Growth Trends for Related Jobs
Pet daycare facilities provide social interaction and physical activities for animals while their owners are at work. Pet daycare facilities normally maintain daily operating hours during the week and may close on the weekends or over holidays. Certain facilities may also offer overnight boarding or grooming services in addition to pet daycare.
Pet daycare facilities normally train workers on the job. Workers learn the proper way to handle and restrain animals, safety practices associated with aggressive animals and how to administer medication if necessary. Employers may teach workers how to identify injuries or conditions that require veterinary attention. Workers also learn basic administrative tasks like booking daycare appointments and collecting payments from clients.
A pet daycare worker may spend equal parts of his day inside the daycare facility caring for animals and outside in play areas supervising physical activity. Pet daycare workers may work part- or full-time schedules, and some employers may require pet daycare personnel to work early morning or late evening hours to accommodate the drop-off and pick-up needs of pet owners.
Job duties of pet daycare workers may include refilling water bowls, laundering blankets, engaging in private playtime with guests, feeding animals and cleaning both outdoor and indoor play areas. Pet daycare personnel may also take guests on private walks, offer guided tours of the daycare facility to prospective clients, verify vaccination status of guests and maintain client files. People working in this profession may also need to administer medication, like insulin, to animals with special needs.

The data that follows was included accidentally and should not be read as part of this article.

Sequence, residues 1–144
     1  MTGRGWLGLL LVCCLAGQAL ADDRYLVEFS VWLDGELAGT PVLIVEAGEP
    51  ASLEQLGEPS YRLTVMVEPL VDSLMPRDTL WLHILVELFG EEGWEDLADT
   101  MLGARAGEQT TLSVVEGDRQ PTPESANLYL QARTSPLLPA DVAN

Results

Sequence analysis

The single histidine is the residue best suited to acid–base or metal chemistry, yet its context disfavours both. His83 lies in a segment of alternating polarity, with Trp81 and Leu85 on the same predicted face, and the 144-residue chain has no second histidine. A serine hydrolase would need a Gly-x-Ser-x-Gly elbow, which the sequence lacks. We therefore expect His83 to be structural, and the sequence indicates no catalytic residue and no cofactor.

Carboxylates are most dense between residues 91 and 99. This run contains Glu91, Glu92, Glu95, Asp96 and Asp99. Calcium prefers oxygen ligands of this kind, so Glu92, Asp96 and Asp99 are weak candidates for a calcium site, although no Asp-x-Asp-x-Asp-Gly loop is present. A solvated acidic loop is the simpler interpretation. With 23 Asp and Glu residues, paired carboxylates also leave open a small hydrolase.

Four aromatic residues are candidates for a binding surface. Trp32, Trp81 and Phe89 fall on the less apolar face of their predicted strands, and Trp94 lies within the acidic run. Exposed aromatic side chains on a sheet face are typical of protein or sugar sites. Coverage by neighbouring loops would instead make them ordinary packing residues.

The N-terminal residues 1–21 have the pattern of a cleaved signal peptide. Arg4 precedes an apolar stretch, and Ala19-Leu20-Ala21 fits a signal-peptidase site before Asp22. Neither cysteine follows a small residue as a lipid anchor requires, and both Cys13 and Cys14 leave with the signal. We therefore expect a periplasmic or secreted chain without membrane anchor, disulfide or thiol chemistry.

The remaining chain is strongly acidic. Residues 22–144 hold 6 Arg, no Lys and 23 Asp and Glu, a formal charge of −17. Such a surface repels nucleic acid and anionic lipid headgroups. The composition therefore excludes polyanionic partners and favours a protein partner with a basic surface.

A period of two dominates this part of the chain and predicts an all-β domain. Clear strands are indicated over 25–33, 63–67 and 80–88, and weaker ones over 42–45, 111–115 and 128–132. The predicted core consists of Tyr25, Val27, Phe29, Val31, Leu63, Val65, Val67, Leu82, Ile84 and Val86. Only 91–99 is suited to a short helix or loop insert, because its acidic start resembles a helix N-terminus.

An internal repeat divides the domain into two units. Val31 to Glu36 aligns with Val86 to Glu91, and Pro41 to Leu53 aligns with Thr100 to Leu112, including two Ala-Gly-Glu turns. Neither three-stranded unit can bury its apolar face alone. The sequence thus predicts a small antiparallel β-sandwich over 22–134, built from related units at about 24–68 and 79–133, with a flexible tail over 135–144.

Salary and Career Outlook
As of May 2013, non-farm animal caretakers received an average hourly wage of $10.82, according to the U.S. Bureau of Labor Statistics. The BLS expects job opportunities for animal care workers to increase by 15 percent from 2012 through 2022. Pet daycare workers who have previous experience in the occupation or in animal training may have more job opportunities.
A pet daycare worker has an increased risk of getting bitten or scratched by an animal during the course of her workday. Workers in this profession may be exposed to chemicals like bleach while cleaning the pet daycare facility. Pet daycare workers must enjoy working with animals in addition to interacting with clients.
- U.S. Department of Labor-Bureau of Labor Statistics: Occupational Outlook Handbook -- Animal Care and Service Workers
- U.S. Department of Labor-Bureau of Labor Statistics: Nonfarm Animal Caretakers Occupational Wages, May 2009
- Texas A&M University College of Veterinary Medicine and Biomedical Sciences: Doggy Day Care